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Keep Flying tour manager and saxophonist John Ryan talked with Vermont News & Media about the meaning of "survival" and the return to the stage after a year of isolation.

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BRATTLEBORO — Keep Flying recently took some time out of its Survival release tour to talk about the new album and what it’s like to be a high-energy ska-punk band during a pandemic.

The band recently performed in Brattleboro alongside other acts, including Jared Knapik, Derek O’Kanos, Slob Drop, Neighborhood Shit, Riley Lücifer, Moxie and CityState.

We caught up with tour manager and saxophonist John Ryan about the meaning of “survival” and the return to the stage after a year of isolation. More information on the band and opportunities to listen to its music can be found online at keepflying.band.

Q: Can you give me a little background on Keep Flying? Who are you guys, Where are you from and how long have you been playing together?

A: Yeah! We are Keep Flying. We claim the Northeast and East Coast of the USA nowadays, but when we first started in 2016 we were New York, New Jersey and Pennsylvania. Now we are spread a little further out, but it’s all the same. We started cranking this out in winter 2016 and have now put out four records, which we are all pretty proud of. Our band rose from the ashes of each of our old bands calling it a day and moving on.

Q: How has the Survival tour gone so far? Any highlights to share?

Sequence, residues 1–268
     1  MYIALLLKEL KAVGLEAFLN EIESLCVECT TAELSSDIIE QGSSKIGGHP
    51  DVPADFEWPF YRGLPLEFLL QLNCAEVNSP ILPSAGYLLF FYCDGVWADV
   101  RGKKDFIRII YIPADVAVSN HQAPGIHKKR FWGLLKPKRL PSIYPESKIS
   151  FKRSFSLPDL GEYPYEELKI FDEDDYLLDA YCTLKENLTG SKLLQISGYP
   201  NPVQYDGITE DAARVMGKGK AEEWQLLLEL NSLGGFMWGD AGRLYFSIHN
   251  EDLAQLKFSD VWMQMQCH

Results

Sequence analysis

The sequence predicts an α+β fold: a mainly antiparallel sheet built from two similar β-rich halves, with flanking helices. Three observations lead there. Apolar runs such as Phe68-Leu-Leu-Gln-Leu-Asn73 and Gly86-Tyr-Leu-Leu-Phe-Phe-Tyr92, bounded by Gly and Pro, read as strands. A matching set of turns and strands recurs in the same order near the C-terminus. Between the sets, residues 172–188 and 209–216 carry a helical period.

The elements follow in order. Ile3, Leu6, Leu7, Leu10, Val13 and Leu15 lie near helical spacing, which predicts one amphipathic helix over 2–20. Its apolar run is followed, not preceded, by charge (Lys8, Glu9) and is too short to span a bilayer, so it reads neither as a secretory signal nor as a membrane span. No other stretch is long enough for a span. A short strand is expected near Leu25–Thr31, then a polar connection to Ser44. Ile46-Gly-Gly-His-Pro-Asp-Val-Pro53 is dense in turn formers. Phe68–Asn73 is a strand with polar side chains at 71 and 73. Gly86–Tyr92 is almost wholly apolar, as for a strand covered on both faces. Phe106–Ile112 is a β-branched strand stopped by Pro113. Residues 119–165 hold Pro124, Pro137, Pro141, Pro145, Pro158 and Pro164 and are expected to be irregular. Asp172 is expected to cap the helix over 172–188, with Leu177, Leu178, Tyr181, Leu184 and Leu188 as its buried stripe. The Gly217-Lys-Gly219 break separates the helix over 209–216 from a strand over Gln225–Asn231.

A: Having released a record during COVID we, like all artists, were super nervous about what the response and reaction was going to be. Fortunately, our community has been super good to us. The tour is going better than expected and every city we are playing the attendance is the highest we have ever had for a headliner. Couldn’t be more grateful. I mean hell, we ripped an outside gig in the pouring rains of Roanoke, Virginia and still managed to wrangle a ton of people in.

Q: Is there a deeper meaning behind the title, Survival? Is it a personal mantra for you guys or inspired by the general state of disarray in the world right now?

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A: We actually decided on the title before COVID, so it isn’t connected to that, it just definitely ended up being related for some people. It’s more the journey of our survivalist on the cover of the record, and pushing through to overcome their fear of having to deal with life.

Q: After a year of isolation, is there a different energy at shows or does it feel like you’ve never left?

A: For us, we got the cobwebs off and are rocking, but we can tell that a lot of people are having their first show back at our events and are figuring it out. We don’t mind. No harm in getting a little weird. Hopefully it all ends up smoothing out for people.

Q: Were you able to play music together (via Zoom or otherwise) during lockdown?

A: We did! We were able to do an unofficial release for our record and livestream a performance. It did well for us and was super fun. I think we would consider doing that more often in the future. We had a blast engaging with folks live.

Q: Your social media presence can best be described as hilarious. How have you been able to use the various channels on tour? Is it a priority to put out digital content or just a bonus for the fans that can’t make it to your shows?

A: We do our best with the socials. Henry [Menzel] has been killing TikTok. We try to keep our YouTube relevant. And the social media we each check every day just to engage with people and make some laughs. It seems like the sharing of content on the tour is increasing people’s desires to come out to shows coming up. Letting them know we are back, baby!